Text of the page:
Expatriate Act

While some Texas-born writers, like Katherine Anne Porter, had to leave home to do their best work, for John Graves the reverse was true. But his new memoir, filled with prosaic diary entries from a long- ago sojourn abroad, won't enhance his legacy.

OF ALL CONTEMPORARY TEXAS WRITERS, no one shines brighter in the pantheon of Lone Star lit than John Graves. Why this should be so is less a matter of critical exegesis than one of conviction, of belief. The reputation, the legend, the legacy, all derive from one book, Goodbye to a River, published in 1960 and continuously in print ever since. The work arrived at a propitious moment in Texas letters; the old guard of Dobie, Webb, and Bedichek was about to fade from the scene, and Graves’s narrative about a canoe trip down a stretch of the Brazos River seemed to mark both the summation and the end of something: the land-centered ethic of Old Texas. In this one book, Graves combined Webb’s interest in history, Bedichek’s in nature, and Dobie’s in folklore into a seamless whole that was greater, and more literary, than any single work by any one of the celebrated triumvirate.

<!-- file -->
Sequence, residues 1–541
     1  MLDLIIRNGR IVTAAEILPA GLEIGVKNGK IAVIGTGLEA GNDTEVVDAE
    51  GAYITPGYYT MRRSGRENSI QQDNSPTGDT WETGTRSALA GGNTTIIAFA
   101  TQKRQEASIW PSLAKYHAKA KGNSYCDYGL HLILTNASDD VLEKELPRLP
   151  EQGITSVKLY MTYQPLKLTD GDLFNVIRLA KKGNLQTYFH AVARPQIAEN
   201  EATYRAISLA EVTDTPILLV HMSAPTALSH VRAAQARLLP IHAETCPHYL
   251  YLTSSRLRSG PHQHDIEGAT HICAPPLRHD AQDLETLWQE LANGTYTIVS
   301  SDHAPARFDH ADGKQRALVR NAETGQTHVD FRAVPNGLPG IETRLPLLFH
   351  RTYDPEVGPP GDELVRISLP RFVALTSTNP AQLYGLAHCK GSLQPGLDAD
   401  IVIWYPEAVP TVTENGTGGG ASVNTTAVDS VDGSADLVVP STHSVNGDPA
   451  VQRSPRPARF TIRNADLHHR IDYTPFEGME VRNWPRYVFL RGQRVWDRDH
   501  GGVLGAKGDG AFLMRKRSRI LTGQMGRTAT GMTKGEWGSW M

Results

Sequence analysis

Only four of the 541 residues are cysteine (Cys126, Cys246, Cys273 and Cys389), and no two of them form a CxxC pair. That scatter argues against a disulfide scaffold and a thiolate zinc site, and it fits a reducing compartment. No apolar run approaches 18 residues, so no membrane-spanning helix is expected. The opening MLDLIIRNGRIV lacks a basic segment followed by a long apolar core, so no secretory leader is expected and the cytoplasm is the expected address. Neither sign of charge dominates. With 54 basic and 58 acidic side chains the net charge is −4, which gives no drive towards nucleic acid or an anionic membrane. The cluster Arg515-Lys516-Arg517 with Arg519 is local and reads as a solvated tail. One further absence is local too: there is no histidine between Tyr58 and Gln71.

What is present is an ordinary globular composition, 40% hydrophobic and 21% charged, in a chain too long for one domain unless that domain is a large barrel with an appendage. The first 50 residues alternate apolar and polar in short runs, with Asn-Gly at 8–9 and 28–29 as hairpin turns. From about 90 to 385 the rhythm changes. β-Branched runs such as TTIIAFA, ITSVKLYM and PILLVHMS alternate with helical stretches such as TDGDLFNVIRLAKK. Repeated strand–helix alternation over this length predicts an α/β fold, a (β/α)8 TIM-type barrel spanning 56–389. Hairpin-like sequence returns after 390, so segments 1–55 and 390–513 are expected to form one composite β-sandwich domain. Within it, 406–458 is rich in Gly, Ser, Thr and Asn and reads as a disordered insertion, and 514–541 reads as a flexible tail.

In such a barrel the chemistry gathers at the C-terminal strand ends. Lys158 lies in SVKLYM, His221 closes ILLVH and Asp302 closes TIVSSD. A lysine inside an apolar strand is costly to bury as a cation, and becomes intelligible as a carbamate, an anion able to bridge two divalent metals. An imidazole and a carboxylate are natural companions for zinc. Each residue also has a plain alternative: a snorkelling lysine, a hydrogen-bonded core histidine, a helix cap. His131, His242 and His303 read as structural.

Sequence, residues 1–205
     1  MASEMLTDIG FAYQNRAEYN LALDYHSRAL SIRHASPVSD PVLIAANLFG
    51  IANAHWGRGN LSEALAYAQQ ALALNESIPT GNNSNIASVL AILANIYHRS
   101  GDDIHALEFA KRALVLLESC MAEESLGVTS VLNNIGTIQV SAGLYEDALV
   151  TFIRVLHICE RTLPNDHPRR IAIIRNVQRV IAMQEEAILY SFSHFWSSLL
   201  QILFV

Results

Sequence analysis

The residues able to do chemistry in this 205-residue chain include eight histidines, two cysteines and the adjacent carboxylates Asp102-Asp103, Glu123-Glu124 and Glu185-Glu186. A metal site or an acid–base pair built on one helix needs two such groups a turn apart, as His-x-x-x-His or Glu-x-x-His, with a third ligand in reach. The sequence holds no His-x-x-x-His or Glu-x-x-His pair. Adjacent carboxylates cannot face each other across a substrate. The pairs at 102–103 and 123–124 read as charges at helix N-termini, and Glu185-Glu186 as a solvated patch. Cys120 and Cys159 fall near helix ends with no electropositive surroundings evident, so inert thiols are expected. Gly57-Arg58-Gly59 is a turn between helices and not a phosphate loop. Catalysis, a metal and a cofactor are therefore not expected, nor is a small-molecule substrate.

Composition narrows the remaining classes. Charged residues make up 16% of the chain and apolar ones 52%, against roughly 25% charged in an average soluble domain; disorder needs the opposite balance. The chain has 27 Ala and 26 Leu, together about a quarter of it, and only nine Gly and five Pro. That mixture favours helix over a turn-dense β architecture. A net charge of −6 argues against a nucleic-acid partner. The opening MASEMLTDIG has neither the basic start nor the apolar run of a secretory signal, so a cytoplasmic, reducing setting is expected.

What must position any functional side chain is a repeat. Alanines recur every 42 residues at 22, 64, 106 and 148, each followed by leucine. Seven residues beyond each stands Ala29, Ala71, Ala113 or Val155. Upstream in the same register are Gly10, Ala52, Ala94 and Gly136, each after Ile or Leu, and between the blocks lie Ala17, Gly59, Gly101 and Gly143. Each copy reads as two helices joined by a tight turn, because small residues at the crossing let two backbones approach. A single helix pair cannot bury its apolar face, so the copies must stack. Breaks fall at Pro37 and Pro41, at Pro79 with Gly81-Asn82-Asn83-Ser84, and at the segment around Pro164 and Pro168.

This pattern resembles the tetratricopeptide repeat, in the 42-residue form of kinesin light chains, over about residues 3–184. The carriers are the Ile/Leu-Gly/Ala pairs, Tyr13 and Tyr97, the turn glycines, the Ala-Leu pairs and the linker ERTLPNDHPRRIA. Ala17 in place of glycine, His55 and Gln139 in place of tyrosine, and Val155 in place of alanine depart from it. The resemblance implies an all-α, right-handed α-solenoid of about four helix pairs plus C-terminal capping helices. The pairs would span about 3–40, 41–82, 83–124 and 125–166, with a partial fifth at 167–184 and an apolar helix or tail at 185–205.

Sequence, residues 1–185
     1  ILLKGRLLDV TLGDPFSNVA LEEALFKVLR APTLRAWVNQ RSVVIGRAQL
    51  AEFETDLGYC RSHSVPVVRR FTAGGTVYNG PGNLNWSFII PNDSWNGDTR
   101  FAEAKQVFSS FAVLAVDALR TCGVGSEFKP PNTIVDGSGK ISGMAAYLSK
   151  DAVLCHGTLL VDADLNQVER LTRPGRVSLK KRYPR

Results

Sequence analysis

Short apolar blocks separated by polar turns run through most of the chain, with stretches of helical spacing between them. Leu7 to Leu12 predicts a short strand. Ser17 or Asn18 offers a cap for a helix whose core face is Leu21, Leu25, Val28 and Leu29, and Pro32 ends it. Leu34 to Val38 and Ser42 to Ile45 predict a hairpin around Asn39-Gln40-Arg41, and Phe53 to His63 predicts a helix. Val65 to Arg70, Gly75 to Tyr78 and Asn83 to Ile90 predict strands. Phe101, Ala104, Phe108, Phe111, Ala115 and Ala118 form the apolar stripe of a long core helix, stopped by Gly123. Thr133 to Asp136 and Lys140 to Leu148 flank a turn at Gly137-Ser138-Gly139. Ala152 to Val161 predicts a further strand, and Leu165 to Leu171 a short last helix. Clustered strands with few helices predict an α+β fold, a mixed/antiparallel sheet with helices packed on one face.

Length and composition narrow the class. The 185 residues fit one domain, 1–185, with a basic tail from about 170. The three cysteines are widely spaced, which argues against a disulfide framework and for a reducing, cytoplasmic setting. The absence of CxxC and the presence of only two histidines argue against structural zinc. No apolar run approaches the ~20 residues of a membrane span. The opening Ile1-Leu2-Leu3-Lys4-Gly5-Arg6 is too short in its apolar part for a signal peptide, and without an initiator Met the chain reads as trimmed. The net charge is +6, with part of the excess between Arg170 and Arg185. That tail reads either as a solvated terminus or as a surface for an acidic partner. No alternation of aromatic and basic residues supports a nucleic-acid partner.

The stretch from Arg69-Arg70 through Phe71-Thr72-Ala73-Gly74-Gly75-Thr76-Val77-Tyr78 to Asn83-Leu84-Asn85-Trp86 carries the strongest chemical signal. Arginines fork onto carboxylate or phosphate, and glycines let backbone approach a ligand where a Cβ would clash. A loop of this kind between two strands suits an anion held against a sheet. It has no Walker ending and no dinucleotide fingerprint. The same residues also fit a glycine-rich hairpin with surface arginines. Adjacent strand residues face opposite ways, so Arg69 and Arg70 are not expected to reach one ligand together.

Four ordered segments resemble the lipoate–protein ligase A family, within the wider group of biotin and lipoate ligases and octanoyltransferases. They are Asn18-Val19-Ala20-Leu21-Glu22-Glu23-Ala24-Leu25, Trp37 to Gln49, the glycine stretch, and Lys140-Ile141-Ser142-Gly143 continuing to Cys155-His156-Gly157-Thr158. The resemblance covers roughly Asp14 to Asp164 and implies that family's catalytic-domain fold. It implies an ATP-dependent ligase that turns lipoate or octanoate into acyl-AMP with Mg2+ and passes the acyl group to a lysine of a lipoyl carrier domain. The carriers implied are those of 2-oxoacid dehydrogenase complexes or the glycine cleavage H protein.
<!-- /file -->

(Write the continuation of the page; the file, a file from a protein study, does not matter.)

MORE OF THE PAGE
Readers responded to Goodbye to a River on several levels. They liked its elegiac tone. They liked the avuncular wisdom that Graves sought to impart. They liked the book’s muted ecological thrust (Graves is no bomb-thrower, no Edward Abbey). Graves’s ruminative manner conveyed a sense

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